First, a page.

I was reading about Elvis last week -- I know he's been dead since 1977, but I can still read about him can't I?
According to the article I was reading, Elvis was big into numerology. One of his favorite books, supposedly, was "Cheiro's Book of Numbers," which was said to explain the occult significance between numbers and human events.
Now I don't believe in any of that, but there have always been certain numbers that have held great meaning for me. Lots of us have favorite numbers, don't you know.
Three is a good one. I have three children and that has worked out pretty well so far. Three is the number of the Trinity, too. "The three men I admire the most--the Father, Son and Holy Ghost -- they took the first train for the coast . . ."
The great Babe Ruth wore number 3. One of my favorite baseball stories is the one Jim Bouton tells about reporting to spring training for his rookie season with the Yankees. Unhappy with the astronomically high number he was given, he asked for a lower one. Told that his 66, or whatever number he'd been given, was the lowest available, Bouton replied, "I didn't see anybody wearing number 3 out there."
Gotta love his brass.
Seven has always been one of my favorite numbers, too. Unlike Seinfeld's George Costanza, I never wanted to name one of my kids 7, but Mickey Mantle did wear it and Mickey Mantle was my hero.
Of course we can't talk about uniform numbers without mentioning 34, which is the Holy Grail for those of the red and black persuasion. If I ever have to choose a number between one and a hundred -- or infinity -- you can bet your bippy I am picking 34. And if I ever have an occasion to play roulette -- which I've yet to do in my first 60 years on the planet -- I will put whatever money I have to lose -- which won't be much -- on 34 and let it ride.
They say that confession is good for the soul and my soul can always use a boost so I will make a confession that will make me look really silly in the eyes of many. When I am able, I like to swim for exercise. A couple of summers ago I was swimming a mile every day. Jack Bauerle would have been proud.
At my home pool a mile is a little more than 34 laps -- see how numbers connect? -- and let's face it, after a few laps the numbers start running together. Did I just finish 10 laps or did I just finish 12? To keep up with my laps I would assign the number of one of my favorite athletes to each lap. When I finished lap three I would say to myself, "Babe Ruth." When I finished lap 19 I would say "Johnny Unitas" and when I finished lap 24 I would say "Willie Mays." When I got to Herschel I was done. Laugh if you will, but it worked.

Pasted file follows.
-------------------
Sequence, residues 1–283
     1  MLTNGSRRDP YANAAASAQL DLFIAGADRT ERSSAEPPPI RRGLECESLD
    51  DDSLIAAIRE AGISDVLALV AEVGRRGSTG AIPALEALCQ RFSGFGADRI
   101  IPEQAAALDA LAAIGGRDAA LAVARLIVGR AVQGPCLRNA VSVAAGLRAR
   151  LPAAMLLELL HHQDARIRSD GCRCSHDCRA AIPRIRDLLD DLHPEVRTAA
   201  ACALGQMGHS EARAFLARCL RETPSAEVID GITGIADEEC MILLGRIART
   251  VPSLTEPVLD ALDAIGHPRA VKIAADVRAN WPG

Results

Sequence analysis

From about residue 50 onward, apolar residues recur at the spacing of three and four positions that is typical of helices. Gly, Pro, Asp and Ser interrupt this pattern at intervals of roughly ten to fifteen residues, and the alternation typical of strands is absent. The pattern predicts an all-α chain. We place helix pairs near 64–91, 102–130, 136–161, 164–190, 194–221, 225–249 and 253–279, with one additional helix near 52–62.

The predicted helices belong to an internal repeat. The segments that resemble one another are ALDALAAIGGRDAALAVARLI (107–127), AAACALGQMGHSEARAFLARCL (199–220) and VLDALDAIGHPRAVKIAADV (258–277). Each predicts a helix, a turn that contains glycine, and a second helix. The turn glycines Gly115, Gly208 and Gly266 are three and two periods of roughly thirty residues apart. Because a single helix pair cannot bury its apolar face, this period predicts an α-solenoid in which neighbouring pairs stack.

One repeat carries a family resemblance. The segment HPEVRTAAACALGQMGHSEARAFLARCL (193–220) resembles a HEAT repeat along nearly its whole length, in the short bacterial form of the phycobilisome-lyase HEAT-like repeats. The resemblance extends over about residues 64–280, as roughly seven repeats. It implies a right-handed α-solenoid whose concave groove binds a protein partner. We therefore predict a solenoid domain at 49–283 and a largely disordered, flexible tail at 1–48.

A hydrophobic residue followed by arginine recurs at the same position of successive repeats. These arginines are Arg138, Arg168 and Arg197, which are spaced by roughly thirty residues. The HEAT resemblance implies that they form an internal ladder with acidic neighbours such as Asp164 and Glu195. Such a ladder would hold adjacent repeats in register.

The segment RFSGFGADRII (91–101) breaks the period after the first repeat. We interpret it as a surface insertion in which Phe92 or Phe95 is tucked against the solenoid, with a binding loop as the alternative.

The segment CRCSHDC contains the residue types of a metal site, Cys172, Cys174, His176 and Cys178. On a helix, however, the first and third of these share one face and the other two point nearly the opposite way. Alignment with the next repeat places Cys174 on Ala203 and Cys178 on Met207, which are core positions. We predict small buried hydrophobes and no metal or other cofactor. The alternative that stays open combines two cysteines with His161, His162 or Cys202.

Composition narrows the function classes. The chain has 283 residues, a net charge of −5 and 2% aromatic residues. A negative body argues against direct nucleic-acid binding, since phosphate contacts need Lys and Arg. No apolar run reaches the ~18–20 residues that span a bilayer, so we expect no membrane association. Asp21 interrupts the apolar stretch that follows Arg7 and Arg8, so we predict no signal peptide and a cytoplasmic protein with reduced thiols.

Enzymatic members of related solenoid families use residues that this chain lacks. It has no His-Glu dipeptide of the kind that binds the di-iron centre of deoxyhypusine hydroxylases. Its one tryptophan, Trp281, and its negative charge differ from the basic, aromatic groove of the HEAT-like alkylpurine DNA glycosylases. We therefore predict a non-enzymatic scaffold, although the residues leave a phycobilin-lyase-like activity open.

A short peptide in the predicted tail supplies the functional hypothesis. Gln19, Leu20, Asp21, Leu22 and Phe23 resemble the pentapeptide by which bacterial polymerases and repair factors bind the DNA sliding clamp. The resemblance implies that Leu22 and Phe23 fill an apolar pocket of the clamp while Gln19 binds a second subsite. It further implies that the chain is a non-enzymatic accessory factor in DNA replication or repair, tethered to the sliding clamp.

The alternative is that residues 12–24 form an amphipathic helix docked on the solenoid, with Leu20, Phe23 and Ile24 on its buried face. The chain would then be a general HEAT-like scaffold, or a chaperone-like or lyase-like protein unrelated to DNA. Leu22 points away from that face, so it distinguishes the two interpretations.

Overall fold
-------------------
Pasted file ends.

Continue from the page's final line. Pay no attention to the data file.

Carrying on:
Not all significant numbers in my life are jersey numbers, of course. 412 used to be a big one because it was the number of our mailbox at the Porterdale Post Office. For years my address was P.O. Box 412, Porterdale. Ironically, when I moved into the now defunct McWhorter Hall at UGA my room number was 412 and my mailing address became Box 412, McWhorter Hall, Athens.
Elvis might have been on to something, come to think of it.
One hundred twenty-nine has been a special number since that night in 1967 when Wills High School beat the Newton Rams, ending our world record home court basketball winning streak at 129. My mind recognizes that number wherever it appears. There can be clocks everywhere and I will never notice if it is 2:10 or 3:47 or 1:19 -- but when that sucker hits 1:29, my eyes will take notice.
7060 is another significant number in my life because that was my parents' phone number for four decades -- with various prefixes and area codes added as the years went by and the phone company grew. 1218 stands out, too, because it is my anniversary. I didn't know what happiness was until I got married. Then it was too late.
I told you all of that to tell you this. I have a brand new favorite number and I think it will remain my favorite number for a long, long time.
That number is 0, y'all, and not because some ball player wears it on his uniform. Zero is the level of Prostate-specific antigen the doctors at MD Anderson found in my blood last week. That is significant because for the past 15 months -- through surgery and radiation and all sorts of horrible medications, my PSA had been rising, exponentially, with each and every blood test.
My doctor said he has no explanation for the sudden extreme drop to "non-detectable."
But I do y'all. I do. Thanks -- and please keep them coming.
Darrell Huckaby is a local educator and author. Email him at email@example.com. For past columns, visit www.rockdalecitizen.com or www.newtoncitizen.com.